Since November 1, 1968, U.S. air strikes on enemy targets have been restricted to South?
Since November 1, 1968, U.S. air strikes on enemy targets have been restricted to South Vietnam.
On November 7, an Air Force F-100 "Super Sabre" jet dropped 500 pound high drag bombs on an enemy-held position 48 miles south-southeast of Da Nang. This strike mission, in support of Operation "Burlington Trail", resulted in three fires and caused the burning of four enemy structures. "Burlington Trail" was a multi-battalion sweep operation conducted by the 198th Light Infantry Brigade of the American Division from April 8 through November 11, 1968. The operation was supported by 1620 tactical air sorties during its seven months' action.
An F-4 "Phantom" fighter-bomber struck an enemy storage area 47 miles west of Saigon on November 9. The 750 pound bombs destroyed two bunkers and set off one fire. The release and impact of the bombs was recorded on the plane's aft blister camera.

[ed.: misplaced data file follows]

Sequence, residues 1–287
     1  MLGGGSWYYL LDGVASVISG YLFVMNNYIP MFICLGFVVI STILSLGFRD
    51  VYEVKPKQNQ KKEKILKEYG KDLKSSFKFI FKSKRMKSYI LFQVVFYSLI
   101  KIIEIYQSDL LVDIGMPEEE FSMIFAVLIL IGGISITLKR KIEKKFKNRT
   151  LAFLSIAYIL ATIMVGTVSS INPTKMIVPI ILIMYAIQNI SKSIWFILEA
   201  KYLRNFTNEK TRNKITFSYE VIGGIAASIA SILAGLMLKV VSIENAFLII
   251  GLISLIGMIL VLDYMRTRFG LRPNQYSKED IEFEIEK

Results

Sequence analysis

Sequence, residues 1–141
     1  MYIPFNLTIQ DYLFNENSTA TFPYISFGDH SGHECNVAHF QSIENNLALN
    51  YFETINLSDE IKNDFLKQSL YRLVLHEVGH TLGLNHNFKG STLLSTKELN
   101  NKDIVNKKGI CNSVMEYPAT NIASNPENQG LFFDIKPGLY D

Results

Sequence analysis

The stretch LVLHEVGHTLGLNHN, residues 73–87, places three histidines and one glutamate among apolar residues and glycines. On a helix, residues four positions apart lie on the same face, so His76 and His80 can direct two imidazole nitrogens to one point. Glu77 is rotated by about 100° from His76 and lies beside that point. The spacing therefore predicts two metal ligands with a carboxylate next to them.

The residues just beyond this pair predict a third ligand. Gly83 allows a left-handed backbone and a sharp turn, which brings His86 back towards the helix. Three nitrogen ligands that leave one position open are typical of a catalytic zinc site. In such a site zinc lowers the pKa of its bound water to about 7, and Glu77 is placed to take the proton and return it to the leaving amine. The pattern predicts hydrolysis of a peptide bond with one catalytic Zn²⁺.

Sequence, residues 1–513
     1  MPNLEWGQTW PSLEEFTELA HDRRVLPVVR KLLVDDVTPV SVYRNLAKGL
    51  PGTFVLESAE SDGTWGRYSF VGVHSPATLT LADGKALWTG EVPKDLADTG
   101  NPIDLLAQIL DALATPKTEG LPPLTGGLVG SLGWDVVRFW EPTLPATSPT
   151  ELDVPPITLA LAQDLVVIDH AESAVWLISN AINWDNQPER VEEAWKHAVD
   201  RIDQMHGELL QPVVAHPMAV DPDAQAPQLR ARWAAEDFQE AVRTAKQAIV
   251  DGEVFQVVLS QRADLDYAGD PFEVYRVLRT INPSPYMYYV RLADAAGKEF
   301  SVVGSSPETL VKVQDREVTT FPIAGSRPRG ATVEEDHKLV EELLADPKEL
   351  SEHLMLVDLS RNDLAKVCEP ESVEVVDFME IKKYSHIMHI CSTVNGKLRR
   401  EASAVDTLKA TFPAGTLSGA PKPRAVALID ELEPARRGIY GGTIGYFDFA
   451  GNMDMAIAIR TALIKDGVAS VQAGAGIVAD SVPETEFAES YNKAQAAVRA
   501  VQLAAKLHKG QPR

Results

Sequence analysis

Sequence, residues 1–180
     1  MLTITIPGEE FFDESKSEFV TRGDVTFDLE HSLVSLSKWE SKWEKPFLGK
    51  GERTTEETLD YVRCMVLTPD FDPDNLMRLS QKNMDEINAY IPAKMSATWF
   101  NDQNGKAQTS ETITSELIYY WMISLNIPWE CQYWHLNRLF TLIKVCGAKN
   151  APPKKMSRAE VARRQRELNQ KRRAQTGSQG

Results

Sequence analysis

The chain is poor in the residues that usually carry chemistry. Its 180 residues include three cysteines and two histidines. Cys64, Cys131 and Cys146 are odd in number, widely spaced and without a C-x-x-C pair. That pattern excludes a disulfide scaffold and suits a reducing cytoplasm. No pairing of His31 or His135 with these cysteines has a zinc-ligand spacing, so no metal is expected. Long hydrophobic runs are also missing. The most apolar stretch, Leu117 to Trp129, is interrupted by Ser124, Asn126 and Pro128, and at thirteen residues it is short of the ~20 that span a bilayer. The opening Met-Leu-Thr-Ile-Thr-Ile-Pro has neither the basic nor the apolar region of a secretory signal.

In support of another ground operation, other F-4s strafed enemy military positions with 20mm cannon fire. The strike was called for by units of the Republic of Korea 2nd Marine Brigade based at Hoi An. The enemy positions were located 17 miles south-southeast of Da Nang. The plane's forward blister camera filmed the bombs' impact.
The final film sequence shows more "Phantoms" strafing other Viet Cong positions with their 20mm guns. This strike mission took place 20 miles south-southeast of Da Nang and resulted in three positions destroyed and two damaged. Forward blister cameras on the jets recorded the strafing runs.